The Magic Gang Turnstile Matt Andersen The Fall Nothing, Nowhere Br3nya Star.One KIOKO

Emily Burns

Contact

  • EMILY BURNS_CIRCLE LOGO.png
    • emily_burns_biog_2018.docx
    •  

      They say life moves in seasons, everybody that enters your life is for a reason, and each year when summer comes around, the warm months bring promise. Perhaps the days stretch out into the horizon as the rush of a new crush unfolds, or there's a sense of freedom from the dark winter days of past. Essentially there's a renewal: all of the bad is reflected on for a minute before being pushed to the side, painted over, released to make space for something new and better.

      'Seven Scenes From The Same Summer', the debut mini-album from 23 year-old British pop prodigy Emily Burns, is situated in these intoxicating moments. The record perfectly captures the romantic exhilaration of summer while also intimately detailing the less favourable side when things come to an end.

      Given the name, there's an infectious yet cinematic feel to 'Seven Scenes...', although Emily prefers to describe the record in a more personal way. "It's like reading pages from my diary," she says, speaking to the vulnerable moments captured in her lyrics. Emily has always used music in this way: as a cathartic outlet to relieve potentially negative experiences before then transferring them into pieces of art - in this case, pop-leaning songs that fall into an arena shared by the likes of Tove Lob, Charli XCX and Sigrid.

      Performing and songwriting has been Emily's true passion for a long time. As a young child born in Scotland, she realised a love for English language and creative writing, which very naturally led to her penning lyrics. Then there's her first live performance (if you can call it that, which you absolutely can) aged nine - in a rowdy boozer in her home village in Warwickshire - where she performed with her dad. "I'll always remember this: everything went so quiet and it was really peaceful for a minute," she recalls. The next year she started writing songs and impressively - under the guidance of her guitar teacher - went into a studio to record them. Performing stints in school followed ("I wanted to be the star of the show"), as did the recording of more demos, all of which lead up to one golden opportunity: a visit to Abbey Road.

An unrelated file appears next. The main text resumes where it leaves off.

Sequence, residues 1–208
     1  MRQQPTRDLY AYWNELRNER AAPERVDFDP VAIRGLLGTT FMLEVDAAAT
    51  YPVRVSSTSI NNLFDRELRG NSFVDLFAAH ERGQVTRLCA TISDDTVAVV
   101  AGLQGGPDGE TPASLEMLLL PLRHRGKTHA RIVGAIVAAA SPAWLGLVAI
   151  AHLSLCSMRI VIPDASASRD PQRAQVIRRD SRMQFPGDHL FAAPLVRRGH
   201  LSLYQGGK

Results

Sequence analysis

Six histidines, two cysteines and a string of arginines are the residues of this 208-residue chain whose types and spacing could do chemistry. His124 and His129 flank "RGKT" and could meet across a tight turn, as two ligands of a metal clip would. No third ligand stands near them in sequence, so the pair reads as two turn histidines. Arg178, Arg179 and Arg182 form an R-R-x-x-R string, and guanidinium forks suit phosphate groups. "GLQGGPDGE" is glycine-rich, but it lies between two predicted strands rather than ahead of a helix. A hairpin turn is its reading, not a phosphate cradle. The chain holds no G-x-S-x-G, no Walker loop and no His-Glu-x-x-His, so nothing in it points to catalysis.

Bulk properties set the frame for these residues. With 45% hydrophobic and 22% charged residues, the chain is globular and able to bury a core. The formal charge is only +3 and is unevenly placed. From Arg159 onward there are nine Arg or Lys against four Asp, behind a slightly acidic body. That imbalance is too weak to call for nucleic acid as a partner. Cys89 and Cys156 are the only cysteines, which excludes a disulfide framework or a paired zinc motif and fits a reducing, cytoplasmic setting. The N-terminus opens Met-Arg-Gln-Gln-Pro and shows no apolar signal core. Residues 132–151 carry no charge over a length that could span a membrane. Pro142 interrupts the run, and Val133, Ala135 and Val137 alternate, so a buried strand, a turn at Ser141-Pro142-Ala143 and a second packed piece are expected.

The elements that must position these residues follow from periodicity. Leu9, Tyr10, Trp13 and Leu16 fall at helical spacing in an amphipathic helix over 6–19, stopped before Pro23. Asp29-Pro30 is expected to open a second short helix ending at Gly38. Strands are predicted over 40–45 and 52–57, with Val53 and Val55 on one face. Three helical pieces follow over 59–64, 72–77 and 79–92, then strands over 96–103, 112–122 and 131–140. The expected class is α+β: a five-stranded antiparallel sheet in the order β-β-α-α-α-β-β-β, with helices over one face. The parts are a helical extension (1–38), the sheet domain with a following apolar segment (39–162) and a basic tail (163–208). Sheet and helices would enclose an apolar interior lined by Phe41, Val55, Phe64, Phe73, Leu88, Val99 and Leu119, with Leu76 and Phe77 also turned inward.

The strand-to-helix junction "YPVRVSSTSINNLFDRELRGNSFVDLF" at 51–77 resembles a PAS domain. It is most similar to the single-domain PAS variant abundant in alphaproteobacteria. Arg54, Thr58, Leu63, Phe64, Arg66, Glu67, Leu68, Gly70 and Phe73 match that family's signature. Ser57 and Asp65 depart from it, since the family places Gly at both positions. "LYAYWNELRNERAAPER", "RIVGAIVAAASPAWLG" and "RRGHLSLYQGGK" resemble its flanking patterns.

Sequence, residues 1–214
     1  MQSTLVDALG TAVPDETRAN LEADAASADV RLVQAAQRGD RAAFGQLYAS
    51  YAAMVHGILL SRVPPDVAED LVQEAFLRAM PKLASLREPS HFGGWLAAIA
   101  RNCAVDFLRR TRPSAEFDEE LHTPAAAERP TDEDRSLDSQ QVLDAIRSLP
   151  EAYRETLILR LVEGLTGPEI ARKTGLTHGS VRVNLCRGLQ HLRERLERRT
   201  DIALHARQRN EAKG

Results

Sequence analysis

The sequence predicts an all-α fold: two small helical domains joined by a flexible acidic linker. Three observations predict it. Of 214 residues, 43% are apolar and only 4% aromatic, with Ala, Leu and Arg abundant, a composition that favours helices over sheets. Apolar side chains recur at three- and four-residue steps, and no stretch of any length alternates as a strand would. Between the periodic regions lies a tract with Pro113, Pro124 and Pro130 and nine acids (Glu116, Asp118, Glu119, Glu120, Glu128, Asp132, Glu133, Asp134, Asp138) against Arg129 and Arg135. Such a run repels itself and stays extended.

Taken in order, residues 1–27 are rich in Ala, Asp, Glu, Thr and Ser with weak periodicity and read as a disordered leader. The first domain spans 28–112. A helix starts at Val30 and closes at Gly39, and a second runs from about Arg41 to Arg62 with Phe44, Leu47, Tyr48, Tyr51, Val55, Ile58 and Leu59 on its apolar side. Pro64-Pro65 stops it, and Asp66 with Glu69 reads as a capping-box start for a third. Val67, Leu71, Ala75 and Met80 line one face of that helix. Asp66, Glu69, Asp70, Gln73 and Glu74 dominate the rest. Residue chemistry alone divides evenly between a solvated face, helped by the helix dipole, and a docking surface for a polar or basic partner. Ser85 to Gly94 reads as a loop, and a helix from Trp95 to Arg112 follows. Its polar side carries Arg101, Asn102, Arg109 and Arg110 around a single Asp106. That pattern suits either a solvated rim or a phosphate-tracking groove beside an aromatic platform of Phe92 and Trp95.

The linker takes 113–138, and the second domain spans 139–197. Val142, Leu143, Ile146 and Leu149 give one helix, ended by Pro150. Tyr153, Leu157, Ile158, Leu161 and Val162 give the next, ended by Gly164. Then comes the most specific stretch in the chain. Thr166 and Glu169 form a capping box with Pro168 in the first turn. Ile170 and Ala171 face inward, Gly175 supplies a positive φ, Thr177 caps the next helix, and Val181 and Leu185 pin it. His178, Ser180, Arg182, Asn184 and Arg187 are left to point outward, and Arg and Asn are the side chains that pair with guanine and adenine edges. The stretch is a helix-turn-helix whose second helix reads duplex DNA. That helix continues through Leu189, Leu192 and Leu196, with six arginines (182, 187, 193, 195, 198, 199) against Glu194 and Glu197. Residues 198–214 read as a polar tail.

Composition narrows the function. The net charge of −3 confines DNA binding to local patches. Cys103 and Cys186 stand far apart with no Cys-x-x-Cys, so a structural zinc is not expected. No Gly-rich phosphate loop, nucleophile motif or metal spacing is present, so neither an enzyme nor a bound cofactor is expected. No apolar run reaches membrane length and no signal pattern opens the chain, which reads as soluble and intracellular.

Off the back of her early recordings, Emily had been invited to a BBC Introducing Masterclass at the legendary recording studios made famous by the Beatles and, more recently, Frank Ocean. Her EP of demos then made its way into the hands of the studio's in-house producer who invited her to record there two days a week. At the time Emily was in sixth-form but when her exams finished she moved to London and, in what feels like a lucky yet fated moment, managed to bag a job on Abbey Road's reception desk - much better and suited to her vocation than the catering job she'd initially picked up.

      Though she worked five days a week, Emily used the job to her advantage and under management's approval would work after-hours in the studios. She wasn't quiet about the fact she wrote music; she'd always tell people what she did. "And that was great because I became good friends with the engineers and mastering guys, and whenever there was downtime they were really willing to help out," she says.

      Two years ago she released her official debut single, 'Take It Or Leave It', resulting in a signing with 37 Adventures (JONES, salute, Geowulf) - the same label she's with today.